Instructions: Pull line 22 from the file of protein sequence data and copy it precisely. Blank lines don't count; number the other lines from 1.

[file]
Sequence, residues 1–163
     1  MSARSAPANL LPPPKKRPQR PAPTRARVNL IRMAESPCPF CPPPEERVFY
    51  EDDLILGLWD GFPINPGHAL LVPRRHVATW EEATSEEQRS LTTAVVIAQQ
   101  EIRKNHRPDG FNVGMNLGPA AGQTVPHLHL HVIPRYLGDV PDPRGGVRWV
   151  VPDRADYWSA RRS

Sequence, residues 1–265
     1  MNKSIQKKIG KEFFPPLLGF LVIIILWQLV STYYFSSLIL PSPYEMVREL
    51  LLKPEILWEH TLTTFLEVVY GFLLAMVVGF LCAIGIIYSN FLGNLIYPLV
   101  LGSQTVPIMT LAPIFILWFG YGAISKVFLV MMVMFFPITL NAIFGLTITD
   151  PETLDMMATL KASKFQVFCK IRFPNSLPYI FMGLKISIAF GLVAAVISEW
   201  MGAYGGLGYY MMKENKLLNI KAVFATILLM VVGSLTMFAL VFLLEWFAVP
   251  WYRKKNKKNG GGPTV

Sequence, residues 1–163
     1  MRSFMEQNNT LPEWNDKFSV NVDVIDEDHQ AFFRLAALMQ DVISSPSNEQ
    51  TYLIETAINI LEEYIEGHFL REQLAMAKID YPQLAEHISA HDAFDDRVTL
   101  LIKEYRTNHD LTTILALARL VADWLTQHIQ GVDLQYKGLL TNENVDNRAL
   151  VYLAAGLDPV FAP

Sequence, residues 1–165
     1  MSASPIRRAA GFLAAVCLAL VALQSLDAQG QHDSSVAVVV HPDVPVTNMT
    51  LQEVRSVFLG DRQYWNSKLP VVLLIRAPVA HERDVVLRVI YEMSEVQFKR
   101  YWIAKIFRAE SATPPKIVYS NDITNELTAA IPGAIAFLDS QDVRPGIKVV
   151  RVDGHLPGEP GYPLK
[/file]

   151  RVDGHLPGEP GYPLK